plified in (25a) and (25c), from the sixth century AD, and even more so at later
stages, as in (25b), from the ninth century AD (see also Gianollo 2014):

(25) a. et sabbato non ieiunantur

and Saturday.ABL not fast.PRS.IND.MPASS.3PL
‘And they do not fast on Saturdays’
(Peregr. Aeth. 27, 1)
b. cum illo, qui eam ... dugatur
with he.ABL who.NOM she.ACC take.MPASS.PRS.SUBJ.3SG
‘With that who will marry her’ (lit. will take her as his spouse)
(Cod. Verc. cap. 192; Löfstedt 1977: 275)

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Constraints on anticausativization 695

c. prouinciam lues debellata est

province.ACC plague.NOM conquer.PTPTCP.NOM.F.SG be.PRS.IND.3SG
‘The plague has spread throughout the province (lit. conquered)’
(Greg. Tur. h.F. 8, 39; Bonnet 1890: 411)

Towards the end of the Imperial age, with attestations from the second half of
the fourth century AD, as in the Mulomedichina Chironis, and even more so in
later texts, the Reflexive pattern also occurs with non-inherently telic verbs (e.g.,
gradual completion verbs), as well as with activities (Cennamo 2001a, 2006: 333,
fn. 8). This pattern, therefore, is also found with accomplishments like citare,
provocare ‘cause’, denoting the coming into being of an entity, and activities like
vexare ‘oppress, injure’, servare ‘keep’, and excusare ‘justify/excuse’ (Cennamo
1998, 2001b: 238). The reflexive pattern at times is ambiguous between an
anticausative and a passive interpretation, i.e., between a spontaneous vs. an
induced process reading, as illustrated in (26a) (Cennamo 1998, 2001b, 2006):

(26) a mala ... toto anno servare se possunt

apple.N.PL whole.ABL year.ABL keep.INF REFL can.PRS.IND.3PL
‘Apples ... can keep/be kept for the whole year’
(Pall. de agr. 3,25,18; Ronconi 1968: 24)
b stercora si se ... provocaverint
excrement.N.PL if REFL caus.FUT.PRF.3PL
‘Excrement, if ... it is induced’
(Chiron 230)

The verb provocare ‘call forth, cause, provoke’ in the Reflexive pattern, instead,
can only denote an induced process, i.e., the so-called passive reading, as
in (26b).
With activity verbs, the reflexive with an active verb can only have a passive
interpretation as in (27):

(27) qui se vocat padule

that.NOM.SG REFL call.PRS.IND.3SG marsh.ACC.SG
‘(A place) that is called marsh’
(Cod. Dipl. Bar. 5.9; Bassols de Climent 1948: 67)

In addition, the Active Intransitive increasingly occurs in anticausative function,

alternating with the reflexive, as in (28a)–(28b), from the second half of the
fourth century veterinary text Mulomedichina Chironis (Feltenius 1977; Cennamo
2006: 317):

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(28) a. ut confirmet (sc. vulnus)

in-order-to heal.SBJV.PRS.3SG wound
‘So as it (sc. the wound) heals’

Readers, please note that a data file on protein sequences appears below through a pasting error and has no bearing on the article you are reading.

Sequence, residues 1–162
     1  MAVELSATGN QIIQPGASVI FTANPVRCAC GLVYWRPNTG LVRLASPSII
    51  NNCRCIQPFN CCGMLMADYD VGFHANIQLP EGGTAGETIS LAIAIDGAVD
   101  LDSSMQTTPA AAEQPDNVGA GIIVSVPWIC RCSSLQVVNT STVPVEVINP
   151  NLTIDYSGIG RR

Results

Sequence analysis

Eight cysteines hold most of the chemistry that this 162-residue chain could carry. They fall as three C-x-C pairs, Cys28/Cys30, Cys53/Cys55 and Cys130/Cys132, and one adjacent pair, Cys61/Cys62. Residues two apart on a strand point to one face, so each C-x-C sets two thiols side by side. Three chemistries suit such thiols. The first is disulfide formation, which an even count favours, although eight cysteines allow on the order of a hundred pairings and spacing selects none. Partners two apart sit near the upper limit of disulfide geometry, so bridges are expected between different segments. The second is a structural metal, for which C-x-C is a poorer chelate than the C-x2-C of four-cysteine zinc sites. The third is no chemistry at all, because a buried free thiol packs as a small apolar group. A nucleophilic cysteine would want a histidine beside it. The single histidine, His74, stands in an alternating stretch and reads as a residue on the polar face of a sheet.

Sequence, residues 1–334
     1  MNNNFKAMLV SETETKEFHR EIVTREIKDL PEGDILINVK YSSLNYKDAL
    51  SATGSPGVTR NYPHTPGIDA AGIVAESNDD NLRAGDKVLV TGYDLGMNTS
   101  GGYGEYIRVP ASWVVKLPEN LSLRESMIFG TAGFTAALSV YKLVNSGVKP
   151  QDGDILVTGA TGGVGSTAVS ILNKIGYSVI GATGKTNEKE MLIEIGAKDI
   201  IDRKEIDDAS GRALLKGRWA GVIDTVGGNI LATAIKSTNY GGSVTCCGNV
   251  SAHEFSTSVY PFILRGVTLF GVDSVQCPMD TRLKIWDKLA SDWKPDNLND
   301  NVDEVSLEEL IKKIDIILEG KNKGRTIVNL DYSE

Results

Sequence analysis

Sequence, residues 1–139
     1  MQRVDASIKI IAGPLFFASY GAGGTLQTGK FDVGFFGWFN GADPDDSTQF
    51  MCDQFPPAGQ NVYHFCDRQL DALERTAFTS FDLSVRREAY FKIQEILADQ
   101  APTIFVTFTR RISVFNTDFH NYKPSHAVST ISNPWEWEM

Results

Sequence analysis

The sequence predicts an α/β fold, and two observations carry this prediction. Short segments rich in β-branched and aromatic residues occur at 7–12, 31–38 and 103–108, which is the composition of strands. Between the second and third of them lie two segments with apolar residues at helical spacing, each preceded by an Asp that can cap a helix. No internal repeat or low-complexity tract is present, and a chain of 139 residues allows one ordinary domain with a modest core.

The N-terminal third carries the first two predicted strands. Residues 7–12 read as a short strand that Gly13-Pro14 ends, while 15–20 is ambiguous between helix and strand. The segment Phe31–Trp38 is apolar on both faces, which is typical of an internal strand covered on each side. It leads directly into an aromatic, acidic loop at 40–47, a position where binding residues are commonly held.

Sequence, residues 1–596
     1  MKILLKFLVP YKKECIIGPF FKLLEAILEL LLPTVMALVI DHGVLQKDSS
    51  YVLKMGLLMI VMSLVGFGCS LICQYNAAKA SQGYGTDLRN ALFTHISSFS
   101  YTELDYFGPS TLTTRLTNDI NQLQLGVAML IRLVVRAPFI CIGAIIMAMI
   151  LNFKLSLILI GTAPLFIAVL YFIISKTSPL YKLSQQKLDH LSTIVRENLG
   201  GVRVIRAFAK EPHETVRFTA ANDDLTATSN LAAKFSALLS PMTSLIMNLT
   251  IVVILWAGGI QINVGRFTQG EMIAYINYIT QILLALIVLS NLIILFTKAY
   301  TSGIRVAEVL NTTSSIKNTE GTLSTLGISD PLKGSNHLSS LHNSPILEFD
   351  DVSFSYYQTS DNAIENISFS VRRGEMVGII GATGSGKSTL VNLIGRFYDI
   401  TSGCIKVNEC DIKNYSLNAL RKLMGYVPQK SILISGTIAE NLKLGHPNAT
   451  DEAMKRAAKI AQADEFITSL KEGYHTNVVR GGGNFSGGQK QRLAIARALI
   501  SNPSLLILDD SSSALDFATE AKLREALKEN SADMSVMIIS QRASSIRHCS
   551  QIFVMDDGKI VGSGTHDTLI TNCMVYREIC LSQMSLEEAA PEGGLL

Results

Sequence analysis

(Chiron 670)
b. donec cicatrix oculo se confirmet
till scar.NOM eye.DAT REFL heal.SBJV.PRS.3SG
‘Until the scar in its eye heals’
(Chiron 76)

In the same texts, illustrating the expansion of the Reflexive and the Active
Intransitive patterns to include verbs with different aspectual templates, oblique
anticausatives are also found, as in (29a)–(29b). In these structures the subject of
the anticausative pattern, i.e., the S-argument maturum ‘soft’, occurs in the
accusative, rather than the canonical nominative case (cf. Cennamo 2009 and
references therein):

(29) a. cataplasmabis eum (sc. tumorem) donec maturum

smear.PRS.FUT.2SG it.ACC swelling.ACC until soft.ACC
‘Smear it (sc. the swelling) until it becomes soft’
(Chiron 91)
b. multos languores sanantur
many.ACC illness.ACC.PL heal.MPASS.PRS.IND.3PL
‘Many illnesses heal’
(Anton. Plac. Itin. 9; Corp. Christ. 165, 16)

This non-canonical encoding of the subject reflects more general changes in

the encoding of the argument structure of the clause in Late Latin, leading to
the use of the accusative in subject function, as a part of the loss of the case system
and of the general rise of head-marked patterns of active syntax in the transition to
Romance (see full discussion of this issue in Cennamo 2009 and Section 4.1.2
below on oblique subject patterns in other early Indo-European languages).3

3 The accusative for the derived S argument in Late Latin realizes a “structural” case. The
oblique argument instead instantiates an “inherent” case in an oblique argument constructions
where the original object of the transitive verb retains its object case, e.g., the dative for the verb
nocere ‘harm’ in (i) below, and the verb reverts to the default 3rd singular impersonal (passive)
form, with the Agent being optionally expressed as a prepositional phrase. This pattern is fairly
common in Latin with activities and states taking dative, genitive and ablative objects. (See

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Constraints on anticausativization 697

In Late Latin, therefore, the Reflexive strategy spreads from inherently telic
verbs denoting change of state and location, i.e., situations that can be brought
about spontaneously, instantiated by achievements and accomplishments like
scindere ‘crack’, frangere ‘break’, and mutare ‘change’, to non-inherently telic
and atelic verbs such as citare, provocare ‘cause’, minuere ‘decrease’, servare
‘keep’ and vocare ‘call’, i.e., accomplishments of variable/reduced telicity and
activities (Cennamo 2001a).
With these aspectual classes either only the mediopassive -r form occurred
in passive function, as shown in (30a) – which is to be contrasted with (30b), the
corresponding ungrammatical anticausative reflexive form in early and Classical